Acro-Cats, ‘meow-sicians’ entertain with variety show

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Acro-Cats, ‘meow-sicians’ entertain with variety show

Samantha Martin and her traveling troupe of Acro-Cats have performed all over the world and made TV appearances.

Samantha Martin and her traveling troupe of Acro-Cats have performed all over the world and made TV appearances.

Samantha Martin

Samantha Martin and her traveling troupe of Acro-Cats have performed all over the world and made TV appearances.

Samantha Martin

Samantha Martin

Samantha Martin and her traveling troupe of Acro-Cats have performed all over the world and made TV appearances.

By Kendrah Villiesse

Ten “purr-fect” felines stole the show Oct. 6–9 when the Amazing Acro-Cats group performed at Wicker Park’s Vittum Theatre.

Appearing at 1012 N. Noble St., the Chicago-based troupe, coached by trainer Samantha Martin, pulled off a variety of stunts, including rolling a ball on a balance beam, jumping through hoops, bowling and a live performance from their band The Rock-Cats—the only cat band in the world.

The Amazing Acro-Cats, which describes itself as a traveling circus, has appeared all over the country and been featured on TV shows and commercials, including The Late Show with Stephen Colbert, The Steve Harvey Show and a Target commercial in 2014.

Martin said it was 14 years ago when she was trying to get her cat Tuna to appear in commercials that she came up with the idea of putting a show together demonstrating how extensively cats can be trained.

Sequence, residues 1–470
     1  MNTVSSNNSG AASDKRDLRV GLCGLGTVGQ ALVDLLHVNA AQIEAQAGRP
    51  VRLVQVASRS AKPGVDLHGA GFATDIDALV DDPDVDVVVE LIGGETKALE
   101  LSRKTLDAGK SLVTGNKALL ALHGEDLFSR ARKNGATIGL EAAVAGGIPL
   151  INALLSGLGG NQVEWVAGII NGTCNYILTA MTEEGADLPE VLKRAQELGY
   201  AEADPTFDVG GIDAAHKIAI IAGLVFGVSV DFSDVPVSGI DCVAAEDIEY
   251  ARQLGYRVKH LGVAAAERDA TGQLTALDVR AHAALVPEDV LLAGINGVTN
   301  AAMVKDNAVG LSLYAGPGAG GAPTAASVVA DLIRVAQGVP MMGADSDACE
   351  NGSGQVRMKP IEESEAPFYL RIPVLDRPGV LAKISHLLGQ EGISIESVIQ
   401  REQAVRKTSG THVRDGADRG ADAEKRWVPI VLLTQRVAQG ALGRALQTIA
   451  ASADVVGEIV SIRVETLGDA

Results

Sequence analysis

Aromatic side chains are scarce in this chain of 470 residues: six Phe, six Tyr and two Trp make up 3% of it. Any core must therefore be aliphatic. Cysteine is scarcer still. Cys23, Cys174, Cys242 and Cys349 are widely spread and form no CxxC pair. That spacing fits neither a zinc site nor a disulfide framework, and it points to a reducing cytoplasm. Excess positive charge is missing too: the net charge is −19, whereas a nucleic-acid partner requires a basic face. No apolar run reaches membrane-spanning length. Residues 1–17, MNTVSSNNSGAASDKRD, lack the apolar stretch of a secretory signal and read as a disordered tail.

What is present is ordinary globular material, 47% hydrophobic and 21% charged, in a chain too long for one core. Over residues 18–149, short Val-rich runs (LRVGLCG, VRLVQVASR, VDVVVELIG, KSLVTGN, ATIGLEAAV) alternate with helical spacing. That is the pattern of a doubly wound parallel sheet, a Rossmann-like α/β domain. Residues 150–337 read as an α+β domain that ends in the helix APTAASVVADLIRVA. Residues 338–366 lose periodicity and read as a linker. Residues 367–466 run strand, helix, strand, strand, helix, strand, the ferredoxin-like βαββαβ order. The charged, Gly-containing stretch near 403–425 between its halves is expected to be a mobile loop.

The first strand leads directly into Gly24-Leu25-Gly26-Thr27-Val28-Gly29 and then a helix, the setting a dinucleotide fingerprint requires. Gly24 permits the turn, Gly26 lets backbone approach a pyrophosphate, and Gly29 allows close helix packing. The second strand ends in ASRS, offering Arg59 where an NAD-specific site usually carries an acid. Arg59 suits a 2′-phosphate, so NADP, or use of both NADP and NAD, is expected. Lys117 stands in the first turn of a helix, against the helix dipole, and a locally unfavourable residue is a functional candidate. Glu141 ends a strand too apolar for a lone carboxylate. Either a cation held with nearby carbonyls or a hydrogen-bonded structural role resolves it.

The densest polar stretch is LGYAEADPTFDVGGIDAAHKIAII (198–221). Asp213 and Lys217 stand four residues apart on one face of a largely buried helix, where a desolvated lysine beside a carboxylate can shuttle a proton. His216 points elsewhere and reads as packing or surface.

“I discovered all sorts of positive benefits to training a cat,” Martin said. “It gives them something to do with their mind, physical activity and mental stimulation.”

In the crowd were two major fans of the group, Ian Wallace and Jackie Ervin, who were visiting Chicago from Calgary, Alberta. After hearing about the show, they said they wanted to see these cats in action.

“We knew we had to figure out where the shows were because we’ve seen them on YouTube,” Wallace said.  Although he thought that The Rock-Cats were a little disorganized, Wallace said that he can “die a little bit happier” after seeing them.  

Martin said the Acro-Cats’ mission is to support rescue organizations and adoptions of felines. Improving relationships between owners and their furry friends is also a goal, she added.

“[Fostering cats] really turned the whole show around [from] just being an entertaining way to showcase my cats’ talents, to something bigger,” Martin said. “Training can actually strengthen the bond between human and cat. People are just not aware that you can do that.”

She said she wants people to develop positive relationships with their pets.

“I can’t save all of the cats out there, but once I discovered the big problem [of homeless and abused cats], I opened my home and my heart to save as many as I can,” she said.

Martin said she has fostered and found homes for 186 cats and kittens since 2009.

The Amazing Acro-Cats partnered with Friends of Chicago Animal Care and Control for the show’s performances by donating a portion of its proceeds to the organization, a nonprofit that benefits animals at  Chicago Animal Care and Control.

“We take donations and use them to purchase medical equipment and provide care for the animals at the shelter,” said Genna Pocius, a FCACC representative. “We also work to get animals out of the shelter, into foster homes and eventually [get] adopted.”

Martin said each show brings tricks and laughs. The show has an element of unpredictability because “they’re just cats,” not trained acrobats.

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